Bonn/Hamburg Homeschooling, hardly any personal contact with friends and too little sport: For many children, the Corona crisis is a major burden. Bonn pediatrician Rainer Ganschow fears long-term negative consequences as a result.
Homeschooling, hardly any personal contact with friends and too little sport: For many children, the Corona crisis is a major burden. Bonn pediatrician Rainer Ganschow fears long-term negative consequences as a result.
Almost one in three children in Germany is showing psychological problems just under a year after the start of the Corona pandemic. This is the result of a survey of the so-called Copsy Study of the University Medical Center Hamburg-Eppendorf. Children and adolescents are suffering from the lockdown: according to the study, worry and anxiety as well as depressive symptoms and psychosomatic complaints such as headaches or abdominal pain have increased.
Professor Rainer Ganschow, head of the Department of General Pediatrics at Bonn University Hospital, is concerned about the current situation of children. "The Copsy study reflects only part of the problems," he says. He considers it particularly worrying that children in the current situation move far too little and spend even more time than previously in front of screens. Added to this, he says, is the lack of contact with friends. "Everyone is telling me about problems within the family right now," says Ganschow, who has contact with numerous families at Children's Hospital. Homeschooling and home offices are stressing many families, he says, and arguments among parents are an added burden for many children.
Through all these factors, he fears various long-term consequences for the children. For example, the lack of contact with friends can have a negative impact on children's social skills, Ganschow says. The lack of exercise could also exacerbate the already existing problem of childhood obesity. "Young people are becoming more comfortable," Ganschow says. In his experience, as club sports are eliminated, most won't play sports for balance. Ultimately, he says, the pandemic for children exacerbates the very problems that already existed in our society: unhealthy eating, too little exercise and too much media consumption.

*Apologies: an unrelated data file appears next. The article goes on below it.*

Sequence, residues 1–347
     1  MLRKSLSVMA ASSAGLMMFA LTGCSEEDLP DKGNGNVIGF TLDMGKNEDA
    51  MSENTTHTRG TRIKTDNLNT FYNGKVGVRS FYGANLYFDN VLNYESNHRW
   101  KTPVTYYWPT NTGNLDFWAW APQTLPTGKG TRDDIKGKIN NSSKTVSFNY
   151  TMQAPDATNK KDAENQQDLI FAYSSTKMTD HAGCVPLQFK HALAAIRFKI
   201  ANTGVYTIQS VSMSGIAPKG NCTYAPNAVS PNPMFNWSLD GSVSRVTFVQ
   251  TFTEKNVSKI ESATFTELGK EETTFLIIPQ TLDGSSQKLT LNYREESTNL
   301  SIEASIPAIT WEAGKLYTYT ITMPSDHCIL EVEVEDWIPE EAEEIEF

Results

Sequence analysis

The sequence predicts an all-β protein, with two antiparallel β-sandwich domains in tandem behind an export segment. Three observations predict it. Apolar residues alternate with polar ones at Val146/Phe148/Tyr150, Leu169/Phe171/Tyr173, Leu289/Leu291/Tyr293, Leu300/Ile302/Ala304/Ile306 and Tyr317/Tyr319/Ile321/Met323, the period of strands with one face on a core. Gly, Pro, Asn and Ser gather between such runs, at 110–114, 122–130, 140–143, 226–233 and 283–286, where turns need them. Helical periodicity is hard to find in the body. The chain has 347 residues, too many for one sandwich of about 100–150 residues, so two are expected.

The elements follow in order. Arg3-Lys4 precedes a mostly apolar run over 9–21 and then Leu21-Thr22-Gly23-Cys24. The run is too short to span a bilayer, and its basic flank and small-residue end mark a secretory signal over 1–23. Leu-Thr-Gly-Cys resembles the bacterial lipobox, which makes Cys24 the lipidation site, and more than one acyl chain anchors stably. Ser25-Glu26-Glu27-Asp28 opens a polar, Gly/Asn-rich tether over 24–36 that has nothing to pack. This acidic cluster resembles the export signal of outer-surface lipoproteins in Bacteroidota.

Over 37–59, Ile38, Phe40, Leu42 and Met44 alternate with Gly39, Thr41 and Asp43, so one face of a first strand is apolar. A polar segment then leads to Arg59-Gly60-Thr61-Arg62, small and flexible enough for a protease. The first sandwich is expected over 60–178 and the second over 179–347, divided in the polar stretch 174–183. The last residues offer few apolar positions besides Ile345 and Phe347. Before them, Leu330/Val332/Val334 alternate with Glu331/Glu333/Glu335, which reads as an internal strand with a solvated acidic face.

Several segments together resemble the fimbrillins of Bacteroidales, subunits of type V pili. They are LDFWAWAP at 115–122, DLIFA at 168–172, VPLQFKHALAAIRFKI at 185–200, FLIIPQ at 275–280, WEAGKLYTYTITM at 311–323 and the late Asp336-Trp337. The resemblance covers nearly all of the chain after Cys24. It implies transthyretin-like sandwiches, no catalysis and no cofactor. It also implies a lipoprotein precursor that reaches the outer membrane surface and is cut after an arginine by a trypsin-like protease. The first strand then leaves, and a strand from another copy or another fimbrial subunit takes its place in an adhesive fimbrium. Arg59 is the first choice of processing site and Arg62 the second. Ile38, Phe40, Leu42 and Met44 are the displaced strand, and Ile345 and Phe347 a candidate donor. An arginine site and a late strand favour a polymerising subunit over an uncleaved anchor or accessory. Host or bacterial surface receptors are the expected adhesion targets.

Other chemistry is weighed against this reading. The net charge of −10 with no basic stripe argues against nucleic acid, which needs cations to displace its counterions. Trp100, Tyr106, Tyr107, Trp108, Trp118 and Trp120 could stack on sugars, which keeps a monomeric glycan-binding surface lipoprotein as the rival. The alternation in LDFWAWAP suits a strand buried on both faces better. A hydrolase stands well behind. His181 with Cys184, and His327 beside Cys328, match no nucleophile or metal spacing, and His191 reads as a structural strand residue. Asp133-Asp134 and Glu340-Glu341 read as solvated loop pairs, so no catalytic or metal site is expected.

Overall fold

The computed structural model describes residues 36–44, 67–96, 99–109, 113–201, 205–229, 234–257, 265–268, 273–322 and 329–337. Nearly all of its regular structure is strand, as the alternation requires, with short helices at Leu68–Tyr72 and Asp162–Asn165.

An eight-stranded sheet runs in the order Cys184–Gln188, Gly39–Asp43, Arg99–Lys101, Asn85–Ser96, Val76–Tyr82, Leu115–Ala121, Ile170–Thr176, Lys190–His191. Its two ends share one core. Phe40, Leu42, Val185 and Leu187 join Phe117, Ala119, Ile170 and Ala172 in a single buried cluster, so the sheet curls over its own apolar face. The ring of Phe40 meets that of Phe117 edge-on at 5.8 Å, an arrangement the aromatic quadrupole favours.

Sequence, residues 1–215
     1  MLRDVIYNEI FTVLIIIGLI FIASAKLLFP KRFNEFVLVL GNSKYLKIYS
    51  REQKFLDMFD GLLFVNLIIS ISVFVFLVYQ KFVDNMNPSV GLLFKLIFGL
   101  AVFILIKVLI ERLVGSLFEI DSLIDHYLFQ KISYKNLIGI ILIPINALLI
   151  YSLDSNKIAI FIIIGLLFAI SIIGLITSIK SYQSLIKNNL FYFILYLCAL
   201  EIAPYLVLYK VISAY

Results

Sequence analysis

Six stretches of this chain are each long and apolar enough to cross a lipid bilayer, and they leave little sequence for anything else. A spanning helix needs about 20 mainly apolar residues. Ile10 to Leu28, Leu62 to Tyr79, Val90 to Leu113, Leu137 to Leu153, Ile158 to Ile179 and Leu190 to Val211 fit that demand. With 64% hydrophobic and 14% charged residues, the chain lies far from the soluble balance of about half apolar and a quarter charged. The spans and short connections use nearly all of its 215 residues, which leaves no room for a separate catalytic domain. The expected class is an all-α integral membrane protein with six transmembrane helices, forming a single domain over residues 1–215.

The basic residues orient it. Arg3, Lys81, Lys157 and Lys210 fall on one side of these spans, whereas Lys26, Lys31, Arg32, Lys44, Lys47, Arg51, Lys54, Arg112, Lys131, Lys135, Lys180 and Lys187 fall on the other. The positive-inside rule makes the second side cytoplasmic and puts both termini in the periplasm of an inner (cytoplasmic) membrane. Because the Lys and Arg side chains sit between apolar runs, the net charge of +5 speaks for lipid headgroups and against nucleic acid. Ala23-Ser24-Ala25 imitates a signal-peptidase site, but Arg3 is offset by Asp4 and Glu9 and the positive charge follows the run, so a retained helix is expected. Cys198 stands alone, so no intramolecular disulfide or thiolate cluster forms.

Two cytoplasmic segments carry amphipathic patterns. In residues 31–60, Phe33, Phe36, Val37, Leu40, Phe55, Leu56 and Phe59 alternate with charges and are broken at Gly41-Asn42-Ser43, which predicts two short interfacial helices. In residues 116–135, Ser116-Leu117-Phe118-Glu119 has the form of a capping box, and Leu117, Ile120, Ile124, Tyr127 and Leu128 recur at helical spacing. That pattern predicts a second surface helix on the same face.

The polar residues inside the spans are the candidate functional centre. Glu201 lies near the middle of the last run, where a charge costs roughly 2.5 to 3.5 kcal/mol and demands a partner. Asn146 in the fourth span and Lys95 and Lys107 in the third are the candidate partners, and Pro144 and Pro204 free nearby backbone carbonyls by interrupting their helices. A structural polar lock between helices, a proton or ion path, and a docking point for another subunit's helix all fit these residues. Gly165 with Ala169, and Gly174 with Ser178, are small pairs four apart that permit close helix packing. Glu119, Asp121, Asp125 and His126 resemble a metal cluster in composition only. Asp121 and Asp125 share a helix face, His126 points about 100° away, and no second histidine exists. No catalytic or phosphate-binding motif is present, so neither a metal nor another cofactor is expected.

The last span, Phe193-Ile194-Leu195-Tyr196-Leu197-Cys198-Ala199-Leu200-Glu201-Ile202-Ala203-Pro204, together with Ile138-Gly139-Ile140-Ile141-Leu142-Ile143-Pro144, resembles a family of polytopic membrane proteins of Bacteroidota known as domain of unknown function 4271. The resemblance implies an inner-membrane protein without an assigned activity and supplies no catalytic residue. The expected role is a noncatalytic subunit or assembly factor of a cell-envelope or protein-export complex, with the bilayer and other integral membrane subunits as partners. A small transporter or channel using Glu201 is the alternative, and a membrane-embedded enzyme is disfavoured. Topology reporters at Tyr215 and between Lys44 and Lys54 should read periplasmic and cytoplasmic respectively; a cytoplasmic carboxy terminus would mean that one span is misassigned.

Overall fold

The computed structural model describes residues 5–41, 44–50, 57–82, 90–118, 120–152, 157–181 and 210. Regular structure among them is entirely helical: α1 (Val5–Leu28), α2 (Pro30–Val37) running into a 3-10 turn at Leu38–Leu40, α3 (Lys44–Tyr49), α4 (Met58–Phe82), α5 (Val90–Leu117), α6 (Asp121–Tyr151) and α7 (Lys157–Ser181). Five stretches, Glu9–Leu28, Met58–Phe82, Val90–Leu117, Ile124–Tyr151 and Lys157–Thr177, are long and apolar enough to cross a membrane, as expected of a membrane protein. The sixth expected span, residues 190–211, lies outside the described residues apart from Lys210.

In addition, the physician sees a completely different problem: The isolation of small children is dangerous for the development of their immune system. The immune system is formed in the first three years of life, and during this time it is important for children to come into contact with various pathogens. If young children had little contact and thus hardly ever experienced any illnesses, this could have a negative effect on their immune system and promote allergies in the future, for example.
Not every mental abnormality becomes a mental disorder
The Copsy study sees a difference in the effects of the pandemic depending on the social background of the children. Children from socially disadvantaged backgrounds and with a migration background are particularly affected by the effects.
The Copsy study is reportedly the first of its kind nationwide. From mid-December to mid-January, more than 1,000 children and adolescents and more than 1,600 parents took part via online questionnaires. The survey covered children and adolescents between the ages of seven and 17. Compared to the first survey, the numbers have increased: 85 percent of the children surveyed feel burdened by the Corona crisis, according to the study. In June, only 71 percent felt emotional distress. Seven out of ten children feel their quality of life has been reduced, compared to six out of ten in the first survey - and three out of ten before the pandemic.
In addition, according to the study, children's diets have become unhealthier and the consumption of sweets has increased. Media consumption has also increased. Of course, this also has to do with online teaching. Homeschooling is now perceived by students as much more strenuous than it was in the early summer. Children and young people also report more disputes with their parents. Parents therefore urgently need perspective and support, says Ulrike Ravens-Sieberer, head of the Copsy study.
She does not want to "overdramatise" the results of the second survey, the researcher emphasizes. "Because not every mental abnormality becomes a mental disorder. But we have to take them very seriously." Even if school is currently only possible to a limited extent, it must be ensured that the focus is not only on learning success, but that contact with the children is maintained. They need encouragement and motivation.
Original text: Leandra Kubiak (with material by the dpa)
Translation: Mareike Graepel